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Statistical Mechanics Planck radiation law Wien’s Displacement Law Stefan-Boltzmann Law The laws of thermodynamics: 1.You can’t get anything without working.

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Presentation on theme: "Statistical Mechanics Planck radiation law Wien’s Displacement Law Stefan-Boltzmann Law The laws of thermodynamics: 1.You can’t get anything without working."— Presentation transcript:

1 Statistical Mechanics Planck radiation law Wien’s Displacement Law Stefan-Boltzmann Law The laws of thermodynamics: 1.You can’t get anything without working for it. 2.The best you can accomplish by work is to break even. 3.You can’t break even. Apr. 11 go to slide 11.

2 Clarification of testable material in chapter 9 skip section 9.7 skip section 9.8 do sections skip section “Testable” sections from chapter 9: 1 through 6, 9, 10.

3 9.6 Planck Radiation Law In the last section we derived the Rayleigh-Jeans formula for the spectral energy density for blackbody radiation. We found that it failed miserably. What's wrong with the Rayleigh-Jeans formula? Rayleigh divided up the energy into kT/2 for each degree of freedom. This is fine for a continuous energy distribution. We now know that it doesn't work for harmonic oscillators, where energy is quantized in units of hf. Therefore, our energy density was wrong.

4 Our density of standing wave modes, as calculated above is OK. To get the correct energy density of photons in the cavity, we multiply our density of modes by the energy of each mode and the probability as a function of T that a mode is occupied. Warning—two different f ’s; might be better to use  for frequency here.

5 The last equation on the previous slide is called the Planck radiation formula, and it works very well. Plug it into Mathcad and try it some time. Note that  was set equal to 0 in Bose-Einstein distribution function, which was used in the equation above.  is a constant which, mathematically, “says” that the number of particles is conserved. If we don't require conservation of particles, we set  =0. Wien's displacement law You can calculate the wavelength at the peak of the energy density by expressing u as a function of wavelength and taking the derivative.

6 Wien's displacement law tells which way the peak in the blackbody spectrum shifts as the temperature changes. Use c = f to write u = u( ) and set 0 = du /d to find for maximum. The result is Wien's displacement law: at which u is maximum! not maximum in spectrum!

7 You can write a formula for u(f) as we did, or for u( ). The plots look similar: But the Rayleigh-Jeans formula blows up as f   and as  0 (can be visually confusing!). Also, the peak in the spectrum shifts towards higher f as T increases, but to lower. In these plots, B corresponds to our u and  corresponds to our f.

8 Homework problem 9.31 The brightest part of the spectrum of the star Sirius is located at a wavelength of 290 nm. What is the surface temperature of Sirius? Aren’t stars hotter than this?Aren’t stars hotter than this? Yes—interior temperatures, and temperatures a short distance above the surface, reach millions of degrees.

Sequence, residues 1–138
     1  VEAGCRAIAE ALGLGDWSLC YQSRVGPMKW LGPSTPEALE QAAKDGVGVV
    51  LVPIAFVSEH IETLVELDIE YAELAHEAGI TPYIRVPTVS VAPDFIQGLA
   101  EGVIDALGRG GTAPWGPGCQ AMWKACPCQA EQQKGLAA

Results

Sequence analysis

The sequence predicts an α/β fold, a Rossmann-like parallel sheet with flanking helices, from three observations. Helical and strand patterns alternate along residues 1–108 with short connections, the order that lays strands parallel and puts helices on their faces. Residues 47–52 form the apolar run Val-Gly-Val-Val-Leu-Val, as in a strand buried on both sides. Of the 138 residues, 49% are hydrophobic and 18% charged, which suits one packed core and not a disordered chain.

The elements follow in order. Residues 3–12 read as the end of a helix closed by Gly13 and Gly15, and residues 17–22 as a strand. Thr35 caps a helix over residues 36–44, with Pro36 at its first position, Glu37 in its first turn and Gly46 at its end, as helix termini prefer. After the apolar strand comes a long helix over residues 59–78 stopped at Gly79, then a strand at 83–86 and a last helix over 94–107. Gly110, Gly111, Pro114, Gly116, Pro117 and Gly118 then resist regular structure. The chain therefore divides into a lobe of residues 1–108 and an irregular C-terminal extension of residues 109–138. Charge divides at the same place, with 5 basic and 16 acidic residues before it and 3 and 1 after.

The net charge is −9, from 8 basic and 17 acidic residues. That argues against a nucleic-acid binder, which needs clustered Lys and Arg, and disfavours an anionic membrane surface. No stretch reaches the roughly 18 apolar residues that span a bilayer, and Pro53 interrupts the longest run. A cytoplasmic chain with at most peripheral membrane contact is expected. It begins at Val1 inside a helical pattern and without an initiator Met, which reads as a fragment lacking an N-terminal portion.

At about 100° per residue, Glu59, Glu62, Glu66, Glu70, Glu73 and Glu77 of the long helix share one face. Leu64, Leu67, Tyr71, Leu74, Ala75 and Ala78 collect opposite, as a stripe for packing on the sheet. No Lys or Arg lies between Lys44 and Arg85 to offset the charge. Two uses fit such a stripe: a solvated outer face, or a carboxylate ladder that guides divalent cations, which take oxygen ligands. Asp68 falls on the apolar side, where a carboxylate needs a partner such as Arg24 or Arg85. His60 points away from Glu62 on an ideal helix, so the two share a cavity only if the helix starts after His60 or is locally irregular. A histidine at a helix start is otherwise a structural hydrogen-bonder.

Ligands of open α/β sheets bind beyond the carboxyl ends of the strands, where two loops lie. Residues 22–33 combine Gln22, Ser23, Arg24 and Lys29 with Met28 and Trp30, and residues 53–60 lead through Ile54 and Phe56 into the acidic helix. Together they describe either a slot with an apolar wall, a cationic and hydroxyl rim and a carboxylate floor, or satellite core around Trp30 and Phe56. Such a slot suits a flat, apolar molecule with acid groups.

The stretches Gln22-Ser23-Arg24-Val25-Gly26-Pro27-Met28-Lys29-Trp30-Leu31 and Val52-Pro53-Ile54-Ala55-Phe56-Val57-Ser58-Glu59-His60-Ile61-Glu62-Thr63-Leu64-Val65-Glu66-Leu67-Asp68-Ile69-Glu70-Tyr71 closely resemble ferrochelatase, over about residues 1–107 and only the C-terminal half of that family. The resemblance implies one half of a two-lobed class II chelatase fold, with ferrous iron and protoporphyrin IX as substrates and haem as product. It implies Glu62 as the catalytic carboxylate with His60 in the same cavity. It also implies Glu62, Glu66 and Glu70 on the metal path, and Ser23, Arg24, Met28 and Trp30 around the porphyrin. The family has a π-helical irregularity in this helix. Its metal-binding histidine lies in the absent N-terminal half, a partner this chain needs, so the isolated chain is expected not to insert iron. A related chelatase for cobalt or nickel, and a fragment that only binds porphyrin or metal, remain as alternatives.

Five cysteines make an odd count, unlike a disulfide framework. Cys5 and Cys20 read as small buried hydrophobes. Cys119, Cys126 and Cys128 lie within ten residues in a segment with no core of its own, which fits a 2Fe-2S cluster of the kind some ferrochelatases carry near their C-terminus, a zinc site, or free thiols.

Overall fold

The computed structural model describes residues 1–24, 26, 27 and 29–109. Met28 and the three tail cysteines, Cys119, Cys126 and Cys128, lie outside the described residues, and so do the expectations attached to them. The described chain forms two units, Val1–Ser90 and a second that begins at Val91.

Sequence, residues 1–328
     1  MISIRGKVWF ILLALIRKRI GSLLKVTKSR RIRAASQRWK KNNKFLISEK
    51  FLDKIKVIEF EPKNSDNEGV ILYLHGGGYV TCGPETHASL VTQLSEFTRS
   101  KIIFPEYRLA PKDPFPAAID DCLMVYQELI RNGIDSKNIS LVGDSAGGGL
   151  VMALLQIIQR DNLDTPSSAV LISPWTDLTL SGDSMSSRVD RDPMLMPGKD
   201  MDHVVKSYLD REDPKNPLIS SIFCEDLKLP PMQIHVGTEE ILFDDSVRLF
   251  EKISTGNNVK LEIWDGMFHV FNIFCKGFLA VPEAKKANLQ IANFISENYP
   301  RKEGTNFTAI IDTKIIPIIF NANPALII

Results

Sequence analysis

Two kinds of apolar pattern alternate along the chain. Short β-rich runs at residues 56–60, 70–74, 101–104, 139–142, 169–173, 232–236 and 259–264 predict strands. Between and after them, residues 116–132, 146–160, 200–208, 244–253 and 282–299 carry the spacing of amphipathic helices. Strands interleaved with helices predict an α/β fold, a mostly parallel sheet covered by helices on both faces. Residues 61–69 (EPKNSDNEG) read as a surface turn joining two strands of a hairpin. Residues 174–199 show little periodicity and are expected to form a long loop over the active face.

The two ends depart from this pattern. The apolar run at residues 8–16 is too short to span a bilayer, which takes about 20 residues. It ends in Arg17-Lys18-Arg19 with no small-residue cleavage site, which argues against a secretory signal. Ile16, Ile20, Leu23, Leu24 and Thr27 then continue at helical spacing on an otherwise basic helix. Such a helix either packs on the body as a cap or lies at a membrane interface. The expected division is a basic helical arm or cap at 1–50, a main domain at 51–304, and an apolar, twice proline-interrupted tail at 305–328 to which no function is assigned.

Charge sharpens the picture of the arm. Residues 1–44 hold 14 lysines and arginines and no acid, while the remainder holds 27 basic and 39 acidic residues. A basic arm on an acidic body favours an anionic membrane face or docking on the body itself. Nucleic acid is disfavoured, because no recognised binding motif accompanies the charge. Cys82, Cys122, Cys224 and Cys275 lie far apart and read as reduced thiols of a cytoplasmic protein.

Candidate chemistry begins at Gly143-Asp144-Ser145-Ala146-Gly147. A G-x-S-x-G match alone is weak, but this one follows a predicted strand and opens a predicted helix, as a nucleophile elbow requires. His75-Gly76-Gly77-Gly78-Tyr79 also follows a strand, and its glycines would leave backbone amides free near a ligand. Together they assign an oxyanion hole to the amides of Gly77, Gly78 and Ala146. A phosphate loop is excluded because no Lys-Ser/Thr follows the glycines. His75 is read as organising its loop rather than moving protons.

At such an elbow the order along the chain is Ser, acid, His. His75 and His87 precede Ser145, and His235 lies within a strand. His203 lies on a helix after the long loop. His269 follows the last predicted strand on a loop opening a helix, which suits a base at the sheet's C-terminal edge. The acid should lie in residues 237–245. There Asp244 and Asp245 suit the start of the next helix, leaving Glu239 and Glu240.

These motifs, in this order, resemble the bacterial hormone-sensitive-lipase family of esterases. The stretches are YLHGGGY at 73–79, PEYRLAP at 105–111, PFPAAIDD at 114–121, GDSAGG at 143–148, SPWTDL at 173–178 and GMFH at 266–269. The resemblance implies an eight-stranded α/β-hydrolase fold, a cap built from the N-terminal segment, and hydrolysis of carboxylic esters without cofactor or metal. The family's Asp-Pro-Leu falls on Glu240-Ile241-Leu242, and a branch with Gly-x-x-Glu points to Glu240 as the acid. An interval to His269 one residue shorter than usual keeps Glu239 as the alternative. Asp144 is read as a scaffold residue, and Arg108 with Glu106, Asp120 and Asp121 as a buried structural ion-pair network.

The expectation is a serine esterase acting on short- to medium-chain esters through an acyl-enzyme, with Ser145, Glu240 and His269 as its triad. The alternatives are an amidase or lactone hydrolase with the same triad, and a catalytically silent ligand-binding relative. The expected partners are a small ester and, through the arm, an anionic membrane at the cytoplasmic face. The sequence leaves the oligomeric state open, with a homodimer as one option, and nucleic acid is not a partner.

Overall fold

9 Applications: Portable, variable temperature blackbody radiation source for precision calibration of radiation thermometers. Portable thermal imager.

10 Anybody here have children? Whey you do, they come with a sickness guarantee. They are guaranteed to get sick. Then you have to take their temperature. Sure. Or you can get one of these. Worth every penny of the $35-40 it costs. No, I am not affiliated with any thermometer company! Sure. Ever tried to get a screaming 2- year old to hold a thermometer in his (her) mouth? Taking a sick toddler’s temperature is a 2-parent job. Enough said.

11 The Stefan-Boltzmann Law The total energy density inside the cavity is found by integrating the energy density over all frequencies. The result is proportional to T 4. The Stefan-Boltzmann law says R=eσT 4, where R is the radiated energy per second per unit area, and e is the emissivity of the radiating surface, and σ is a constant (see Beiser for the value of σ). a constant

12 Homework problem 9.26 If a certain blackbody radiates 1 kW when its temperature is 500 ºC, at what rate will it radiate when its temperature is 750 ºC? some of the other problems for this material are more complex, but are still fair game for the exam don’t forget!

13 Global Warming? It is a fact that human activity has put enormous amounts of “extra” CO 2 into the atmosphere since the beginning of the industrial revolution. It is also a fact that CO 2 is a greenhouse gas. There exists extensive data which suggests the earth is warming. Much of the data is subject to interpretation (i.e., one might say “yes, warming,” or one might say “coincidence, not proof”).

14 My sense is that “most” scientists believe something is truly going on. Some very emphatically. Others less so. What will be the result of increasing earth temperature? We don’t know. There will be change. Perhaps dramatic. Perhaps not in the direction we might predict. How do you feel about change? Global warming is intimately connected to blackbody radiation and the Stefan-Boltzmann law. Opinion: those running our government need to learn more physics.

15 Consider designing a cryostat or furnace. What things would you worry about? What would you do to make the cryostat or furnace work well?

16 Fall 2003: Something to ponder while I hand out quizzes…


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